Valley of the Moon: Daniel Gibson @ Shulamit Nazarian, Los Angeles
Gibson's paintings explore a lexicon of symbols that relate to his familial past and his identity as a Mexican-American. The new works in Valley of the Moon are set between the desert and the ocean, employing references to the natural world while speaking to hardships, resilience, and freedom.
Growing up in California, along the border with Mexico, Gibson bore witness to migrants who crossed the desert, risking their lives as they desperately sought a better future. Confronted by the harsh realities of the world at an early age, he turned to his imagination, often reshaping reality with fantasy. As a painter, Gibson brings to life the surreal narratives that captivated him as a child, reimagining memories and family stories from the point of view of his earliest years.
Shifting between the genres of portraiture, landscape, and still life, Gibson's surrealistic scenes demonstrate an adoration for nature. Desert landscapes are populated with generously painted lush flowers that often take on an anthropomorphized quality. The ocean is prominently featured in many of his family stories and creates a stark contrast with the arid desert landscape of his childhood. Abundantly filled vases serve as a celebration of life, referencing the imagery of ofrendas, urns, and wombs. Gibson revitalizes the world around him in painting, reverently returning to familiar symbols such as flowers, butterflies, figures, desert mountains, beaches, and seas.
Oversized butterflies feature prominently in several works in Valley of the Moon. Beyond a symbol of migration, the insects conjure a childhood memory of the artist desperately trying to understand how a person could safely make their way across the desert border with little sustenance. In the mind of a young Gibson, giant butterflies relieved these individuals from their grueling journey by carrying them safely to distant lands. Rendering this imagined scene in a painting, the artist employs a child-like imaginary, one filled with curiosity and wonder, in an effort to face a bleak reality. This youthful frame of reference also impacts the very construction of a landscape for Gibson. Many of his paintings build around a blunt horizon, succinctly dividing the Earth from the sky. Looming above is a pregnant sun, endowed with the power both to sustain life and to take it away, a brutal reality for anyone crossing this terrain.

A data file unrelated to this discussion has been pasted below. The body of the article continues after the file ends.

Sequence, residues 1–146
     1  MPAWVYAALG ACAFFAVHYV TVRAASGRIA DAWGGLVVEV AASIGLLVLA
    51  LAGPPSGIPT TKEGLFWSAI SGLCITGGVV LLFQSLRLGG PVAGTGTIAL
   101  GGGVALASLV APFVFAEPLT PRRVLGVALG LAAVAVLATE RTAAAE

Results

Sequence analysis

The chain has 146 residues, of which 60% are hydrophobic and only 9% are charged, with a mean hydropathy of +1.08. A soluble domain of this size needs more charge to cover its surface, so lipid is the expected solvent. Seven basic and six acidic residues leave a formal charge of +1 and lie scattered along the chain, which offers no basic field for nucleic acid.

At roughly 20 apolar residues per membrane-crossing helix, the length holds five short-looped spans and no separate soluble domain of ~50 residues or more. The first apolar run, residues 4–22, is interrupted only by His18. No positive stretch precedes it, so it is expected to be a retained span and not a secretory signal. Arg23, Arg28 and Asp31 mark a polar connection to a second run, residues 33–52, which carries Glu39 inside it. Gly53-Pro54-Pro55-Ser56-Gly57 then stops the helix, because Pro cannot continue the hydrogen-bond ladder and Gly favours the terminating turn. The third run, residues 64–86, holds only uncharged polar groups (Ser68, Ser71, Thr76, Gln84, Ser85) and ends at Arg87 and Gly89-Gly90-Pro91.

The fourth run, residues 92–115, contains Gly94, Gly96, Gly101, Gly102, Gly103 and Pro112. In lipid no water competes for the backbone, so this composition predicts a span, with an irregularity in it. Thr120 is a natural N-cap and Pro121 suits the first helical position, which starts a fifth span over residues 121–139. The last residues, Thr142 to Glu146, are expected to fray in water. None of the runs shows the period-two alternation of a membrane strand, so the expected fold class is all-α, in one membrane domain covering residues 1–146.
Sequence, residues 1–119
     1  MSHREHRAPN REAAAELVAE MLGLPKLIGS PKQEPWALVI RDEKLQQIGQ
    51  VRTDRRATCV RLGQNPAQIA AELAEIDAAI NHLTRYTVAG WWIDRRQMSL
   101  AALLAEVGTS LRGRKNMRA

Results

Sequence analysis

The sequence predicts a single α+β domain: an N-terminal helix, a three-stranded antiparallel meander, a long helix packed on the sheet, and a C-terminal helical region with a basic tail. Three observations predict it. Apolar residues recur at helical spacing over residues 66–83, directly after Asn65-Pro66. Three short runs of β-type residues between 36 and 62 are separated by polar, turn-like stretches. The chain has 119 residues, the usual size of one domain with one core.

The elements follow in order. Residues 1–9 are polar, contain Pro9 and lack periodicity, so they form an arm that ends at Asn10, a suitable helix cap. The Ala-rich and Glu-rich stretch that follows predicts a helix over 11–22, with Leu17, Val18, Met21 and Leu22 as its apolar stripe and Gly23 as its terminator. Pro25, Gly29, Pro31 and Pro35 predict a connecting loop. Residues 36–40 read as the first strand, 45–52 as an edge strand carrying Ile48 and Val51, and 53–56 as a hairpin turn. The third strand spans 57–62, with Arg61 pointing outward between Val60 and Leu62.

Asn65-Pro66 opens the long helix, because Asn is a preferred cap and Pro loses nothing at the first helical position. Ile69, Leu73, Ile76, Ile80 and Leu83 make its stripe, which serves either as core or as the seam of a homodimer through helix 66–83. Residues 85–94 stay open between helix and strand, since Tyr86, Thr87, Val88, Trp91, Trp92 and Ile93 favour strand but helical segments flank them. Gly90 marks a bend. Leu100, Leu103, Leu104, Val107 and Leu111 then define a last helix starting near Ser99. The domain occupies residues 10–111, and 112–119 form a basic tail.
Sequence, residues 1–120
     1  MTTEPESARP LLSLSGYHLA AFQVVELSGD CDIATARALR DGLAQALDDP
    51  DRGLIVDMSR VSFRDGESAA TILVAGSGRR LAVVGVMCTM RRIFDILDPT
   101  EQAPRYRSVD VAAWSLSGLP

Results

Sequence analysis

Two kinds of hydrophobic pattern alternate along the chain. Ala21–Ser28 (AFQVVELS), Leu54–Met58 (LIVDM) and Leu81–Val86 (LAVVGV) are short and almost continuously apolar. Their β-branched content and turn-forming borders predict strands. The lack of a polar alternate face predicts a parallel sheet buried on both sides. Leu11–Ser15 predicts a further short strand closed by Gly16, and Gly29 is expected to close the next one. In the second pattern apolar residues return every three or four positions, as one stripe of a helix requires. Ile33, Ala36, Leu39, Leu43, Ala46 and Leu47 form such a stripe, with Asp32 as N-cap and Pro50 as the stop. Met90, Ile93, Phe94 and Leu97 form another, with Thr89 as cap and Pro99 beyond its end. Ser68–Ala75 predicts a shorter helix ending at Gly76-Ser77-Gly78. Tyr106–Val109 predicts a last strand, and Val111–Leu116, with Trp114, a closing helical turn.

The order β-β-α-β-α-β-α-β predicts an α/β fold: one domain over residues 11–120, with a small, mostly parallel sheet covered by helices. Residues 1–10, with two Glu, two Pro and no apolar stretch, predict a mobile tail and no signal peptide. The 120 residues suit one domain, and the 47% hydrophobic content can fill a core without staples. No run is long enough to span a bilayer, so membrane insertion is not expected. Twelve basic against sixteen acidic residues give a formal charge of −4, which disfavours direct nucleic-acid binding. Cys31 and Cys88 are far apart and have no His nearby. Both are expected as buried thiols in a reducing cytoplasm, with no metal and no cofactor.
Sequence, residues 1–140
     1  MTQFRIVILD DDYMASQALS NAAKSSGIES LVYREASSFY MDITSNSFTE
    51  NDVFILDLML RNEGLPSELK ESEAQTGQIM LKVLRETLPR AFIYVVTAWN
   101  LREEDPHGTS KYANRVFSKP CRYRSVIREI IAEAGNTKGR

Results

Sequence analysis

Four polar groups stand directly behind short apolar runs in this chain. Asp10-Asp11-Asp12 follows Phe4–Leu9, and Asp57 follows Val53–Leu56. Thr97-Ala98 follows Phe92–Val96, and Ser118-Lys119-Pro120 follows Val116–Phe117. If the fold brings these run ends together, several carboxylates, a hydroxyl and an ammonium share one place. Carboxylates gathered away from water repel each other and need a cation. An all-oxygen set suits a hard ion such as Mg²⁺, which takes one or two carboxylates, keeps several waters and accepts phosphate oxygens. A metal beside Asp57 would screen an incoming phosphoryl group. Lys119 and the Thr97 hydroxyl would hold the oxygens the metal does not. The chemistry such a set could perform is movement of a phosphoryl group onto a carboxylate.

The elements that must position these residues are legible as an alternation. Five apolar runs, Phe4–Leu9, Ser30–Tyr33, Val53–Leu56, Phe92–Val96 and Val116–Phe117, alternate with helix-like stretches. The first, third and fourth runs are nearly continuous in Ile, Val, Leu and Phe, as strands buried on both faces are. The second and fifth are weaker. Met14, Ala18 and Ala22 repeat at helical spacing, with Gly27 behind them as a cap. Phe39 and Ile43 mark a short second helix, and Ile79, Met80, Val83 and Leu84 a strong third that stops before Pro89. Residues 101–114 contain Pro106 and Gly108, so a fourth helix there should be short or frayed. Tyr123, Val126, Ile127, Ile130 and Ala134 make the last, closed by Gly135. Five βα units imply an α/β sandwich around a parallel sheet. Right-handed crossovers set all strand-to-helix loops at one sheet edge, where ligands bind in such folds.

Giving prominence to nature, Gibson in turn depicts the man-made world diminutively, a perspective that is in stark contrast with his earliest years. He grew up in Plaster City, CA, just outside a massive gypsum factory that employed his father. This larger-than-life structure grumbled with power and spit white dust, leaving an indelible impression on the artist as a child. As seen in Plaster City East, 2021, Gibson has rendered this immense structure as a miniature form obscured by the vast natural world. In equal measure, the presence of the border wall can be seen in the same painting as a structure reduced to near abstraction, quietly fading in the distance. This gesture pays homage to the natural world over the man-made and monumentalizes the natural forces that dominate us.
Gibson is largely a self-taught artist and has developed his visual language and painting process through intuition and imagination. Under pink, purple, and near-black skies, everything—flowers, butterflies, figures, mountains, beaches, and seas—appears drenched in sunlight. Vibrant colors illustrate each canvas, illuminating his penchant for realizing a rich memory. For the artist, his works are as much autobiographical as they are collective stories that document moments of struggle and celebration that would otherwise be lost to time.